Silent auction supports Touring Theater Ensemble of NC

by Amy Kingsley

It is a low-key reception for an educational theater company marking a quarter century in business. The flyers and posters even refer to it as a ‘“Sitting Ovation.’”

The event is a silent auction fundraiser. In deference to the theme, all of the items up for auction feature a seated title. There are season tickets to the Carolina Classic Film Series, ‘“A Seat at the Movies,’” a couple of unframed photographs titled ‘“Sit and Look,’” and the marquee items, a pair of handmade chairs.

Supporters of the Touring Theater Ensemble of North Carolina have come to Mack and Mack to mingle (the auction isn’t as silent as the title implies) and nibble on goodies from area restaurants like Southern Lights and Bert’s Seafood Grille. Finery and fine piano by Buff ‘n’ T’s Turner Battle surround the philanthropic shoppers.

Their purchases will benefit a theater company that performs for schools, libraries or anywhere else they might find both receptive hosts and crowds. About 900 people have seen their production of ‘“The Life and Times of Fannie Lou Hamer,’” a biographical sketch of the civil rights activist, at the Greensboro Public Library.

‘“We really went out and brought in people who may not usually see theater at a place like the Broach,’” says founder and director Brenda Schleunes.

The ensemble has several plays touring the state, including ‘“Trickster Tales’”, ‘“The Life and Times of Fannie Lou Hamer’” and ‘“Star-Spangled Girls’”.

The crowd inside the classy clothing store consists largely of folks who probably have seen at least a performance or two at one of downtown Greensboro’s professional theater companies. Although some people have wandered in off the street, including Velma Gibson, a resident of Vieques, Puerto Rico who has her eye on a green and red necklace up for auction.

‘“I hope no one else bids on my necklace,’” Gibson says. ‘“I’m also going to buy a red dress to match. Or a green dress.’”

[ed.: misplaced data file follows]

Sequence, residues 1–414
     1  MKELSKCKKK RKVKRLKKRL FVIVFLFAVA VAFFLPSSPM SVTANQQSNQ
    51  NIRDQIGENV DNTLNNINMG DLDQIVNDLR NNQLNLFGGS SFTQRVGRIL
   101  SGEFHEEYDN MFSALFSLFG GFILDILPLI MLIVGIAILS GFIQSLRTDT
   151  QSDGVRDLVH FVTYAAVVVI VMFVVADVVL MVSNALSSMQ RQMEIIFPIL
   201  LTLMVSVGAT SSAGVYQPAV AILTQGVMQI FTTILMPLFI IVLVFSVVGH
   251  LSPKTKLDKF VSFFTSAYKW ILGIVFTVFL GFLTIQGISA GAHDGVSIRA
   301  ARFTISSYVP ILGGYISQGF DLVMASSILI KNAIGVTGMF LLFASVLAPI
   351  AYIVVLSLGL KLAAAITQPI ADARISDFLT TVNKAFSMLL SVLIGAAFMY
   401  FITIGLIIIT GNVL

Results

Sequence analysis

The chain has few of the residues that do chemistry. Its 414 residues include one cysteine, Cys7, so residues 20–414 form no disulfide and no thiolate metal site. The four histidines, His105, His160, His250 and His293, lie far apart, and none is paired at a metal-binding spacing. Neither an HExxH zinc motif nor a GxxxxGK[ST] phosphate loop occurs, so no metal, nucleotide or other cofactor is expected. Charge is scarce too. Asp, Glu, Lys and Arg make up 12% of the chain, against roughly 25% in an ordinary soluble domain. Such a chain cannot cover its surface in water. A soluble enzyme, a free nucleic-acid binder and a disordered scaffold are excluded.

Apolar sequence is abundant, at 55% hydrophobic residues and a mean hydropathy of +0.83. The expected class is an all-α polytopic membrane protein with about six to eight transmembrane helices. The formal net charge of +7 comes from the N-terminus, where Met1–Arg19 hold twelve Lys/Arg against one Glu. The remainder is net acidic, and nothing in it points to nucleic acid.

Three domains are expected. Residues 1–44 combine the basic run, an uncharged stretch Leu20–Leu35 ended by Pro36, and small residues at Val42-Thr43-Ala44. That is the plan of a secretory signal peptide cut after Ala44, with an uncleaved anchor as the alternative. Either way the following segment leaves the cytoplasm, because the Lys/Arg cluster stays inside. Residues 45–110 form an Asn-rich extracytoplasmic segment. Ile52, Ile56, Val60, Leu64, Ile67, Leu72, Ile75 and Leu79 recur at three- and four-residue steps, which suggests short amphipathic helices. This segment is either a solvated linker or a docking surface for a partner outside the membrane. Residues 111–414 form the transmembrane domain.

She tells me that she’s here to do the shopping she can’t back home. Her island, although beautiful, is short on amenities such as shopping centers, malls and bookstores. Gibson limits her browsing to smaller items; things easy to pack for the long plane ride scheduled in three weeks.

Battle is riffing on the Carpenter’s ‘“Rainy Days and Mondays’” despite the fact that it’s cloudless and a Sunday evening. But if the subject of the song is a bit incongruous, the sound is right on.

For some folks, this event will preface an evening of Academy Award watching. Others will likely linger past the auction closing.

Mack and Mack has an appropriate feel for a theater fundraiser. The display walls of the clothing shop terminate in trim about four feet from the warehouse ceilings, giving the space the feel of a set. Glass separates the retail space from a workshop in the back with rows of sewing machines and bolts of cloth in aqua and coral.

Battle is interrupted by Schleunes, who is making announcements and prepping the audience for an auction of the big-ticket items. Items on the slate include a pancake brunch, Thai meal for four cooked at home, and an hour-long plane ride. These items (all donated) net the organization several hundred dollars.

During this portion of the auction, Gibson ‘— the island dweller ‘— sets her sights on an item described as perfect for ‘“the person who has everything.’” It is ‘“A Seat in a Song.’” A winning bid will land her a starring role in a tune with lyrics by Schleunes.

‘“Oh, this is so cool,’” she says, as her $75 bid stands momentarily unchallenged.

Then a hand rises in the back.

‘“Oh, this is not so cool,’” she says.

The song goes for $175.

The two chairs, made with gold leaf and etched with French poetry, are last on the block. Although they are beautiful pieces of art, the $500 a piece starting price proves too much for all but one attendee.

Still, as I prepare to leave there’s about an hour left for folks to raise the bids on items displayed on cloth-draped folding tables. The bid sheets under wine tastings, manicures and chairs of every sort are filling up. But Gibson’s bid for the green and red necklace still stands alone.

To comment on this story, e-mail Amy Kingsley at